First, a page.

For DevOps, where a large-scale cultural shift is more vital than any one specific practice, embracing DevOps implementation and actually doing it can prove to be two wildly different things. A recent survey commissioned by CA Technologies and conducted by Freeform Dynamics suggests that as appealing as making the switch to DevOps may be, it proves easier said than done for many companies.
Polling 1,442 respondents in 16 different countries, the survey asked about the nine different goals--or as CA put it "puzzle pieces"-- required for successful DevOps implementation. These puzzle pieces included IT-business alignment of priorities, cross functional IT processes, and the right infrastructure and tooling, among others. For each piece respondents were asked whether they considered it important, and whether they already did it.
As it turned out, the vast majority of respondents recognized the importance of all nine puzzle pieces, with 81% or more saying they found each category to be crucial to the process of DevOps implementation. But with the exception of 55% claiming they had a well-defined strategy and objectives (one particular piece), only 39% or less of respondents claimed to have achieved every other category. Ultimately, only 20% of respondents had "fully assembled" the puzzle by doing all nine pieces.
In other words, there's a huge divide between knowing what to do and actually doing it.
"Based on everything that we hear from customers and see borne out in research, most organizations have implemented DevOps on some level, typically related to those projects where it was easiest to do so; the big challenge is expanding across the enterprise," said Aruna Ravichandran, vice president of DevOps Solution Marketing and Management at CA Technologies.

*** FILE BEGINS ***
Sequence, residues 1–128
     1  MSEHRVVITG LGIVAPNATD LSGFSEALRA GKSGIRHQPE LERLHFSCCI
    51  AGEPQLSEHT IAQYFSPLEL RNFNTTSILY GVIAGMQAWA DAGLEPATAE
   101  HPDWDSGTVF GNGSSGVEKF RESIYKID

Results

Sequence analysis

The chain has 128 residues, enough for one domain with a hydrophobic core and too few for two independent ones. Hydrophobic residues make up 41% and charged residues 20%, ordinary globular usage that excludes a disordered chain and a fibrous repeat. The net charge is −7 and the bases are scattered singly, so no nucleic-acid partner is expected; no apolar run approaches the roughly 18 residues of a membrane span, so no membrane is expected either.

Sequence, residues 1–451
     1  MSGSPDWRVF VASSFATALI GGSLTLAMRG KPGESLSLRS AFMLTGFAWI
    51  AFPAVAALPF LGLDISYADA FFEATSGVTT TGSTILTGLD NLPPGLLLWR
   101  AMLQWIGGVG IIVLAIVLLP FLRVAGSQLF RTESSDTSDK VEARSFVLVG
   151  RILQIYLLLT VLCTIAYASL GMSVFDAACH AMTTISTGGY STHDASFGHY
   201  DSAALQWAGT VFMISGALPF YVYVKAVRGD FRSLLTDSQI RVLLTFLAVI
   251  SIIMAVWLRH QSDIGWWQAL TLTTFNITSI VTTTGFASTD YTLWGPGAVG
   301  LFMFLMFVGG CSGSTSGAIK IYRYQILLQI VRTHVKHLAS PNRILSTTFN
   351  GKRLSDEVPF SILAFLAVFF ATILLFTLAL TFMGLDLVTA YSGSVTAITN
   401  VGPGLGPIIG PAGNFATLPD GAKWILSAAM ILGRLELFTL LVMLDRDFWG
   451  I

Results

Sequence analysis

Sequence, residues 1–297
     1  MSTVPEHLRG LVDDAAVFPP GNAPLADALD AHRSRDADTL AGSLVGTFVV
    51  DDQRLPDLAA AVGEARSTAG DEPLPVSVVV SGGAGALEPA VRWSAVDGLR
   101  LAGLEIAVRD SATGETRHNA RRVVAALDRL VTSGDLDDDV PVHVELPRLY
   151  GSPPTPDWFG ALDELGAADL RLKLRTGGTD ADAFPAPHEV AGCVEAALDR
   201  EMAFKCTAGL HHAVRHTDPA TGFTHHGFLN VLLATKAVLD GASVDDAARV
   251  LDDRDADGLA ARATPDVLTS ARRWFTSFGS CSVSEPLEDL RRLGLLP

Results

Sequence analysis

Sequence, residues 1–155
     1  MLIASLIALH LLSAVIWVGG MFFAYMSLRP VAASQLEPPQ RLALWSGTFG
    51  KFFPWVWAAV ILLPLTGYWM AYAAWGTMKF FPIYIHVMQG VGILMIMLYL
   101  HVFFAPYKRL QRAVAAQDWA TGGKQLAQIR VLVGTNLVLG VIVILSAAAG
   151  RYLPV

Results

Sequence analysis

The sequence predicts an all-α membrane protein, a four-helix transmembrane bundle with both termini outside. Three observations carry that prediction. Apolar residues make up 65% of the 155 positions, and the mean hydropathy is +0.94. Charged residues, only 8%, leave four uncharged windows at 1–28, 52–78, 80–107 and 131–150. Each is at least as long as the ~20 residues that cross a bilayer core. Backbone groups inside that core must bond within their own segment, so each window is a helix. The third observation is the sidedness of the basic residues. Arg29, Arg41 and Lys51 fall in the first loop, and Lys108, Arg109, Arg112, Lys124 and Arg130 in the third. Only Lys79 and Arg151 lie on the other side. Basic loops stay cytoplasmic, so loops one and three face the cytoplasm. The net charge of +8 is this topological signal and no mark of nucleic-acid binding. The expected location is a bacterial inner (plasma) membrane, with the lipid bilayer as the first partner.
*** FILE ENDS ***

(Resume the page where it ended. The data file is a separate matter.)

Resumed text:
Ravichandran suggested that enterprises struggling to make the shift look to those who have already succeeded in DevOps implementation. Companies like ING, Citrix, and ANZ Bank have already successfully broadened their DevOps use beyond the pilot stage, and employing similar approaches to theirs could help effectively address these challenges.
"From wholesale recasting of culture, to adoption of new processes and supporting toolchains, this is a hugely difficult transition," said Ravichandran. "That’s why it’s critical to rely on the best practices established by leading adopters. Those stories and techniques can help translate initial efforts into DevOps at scale."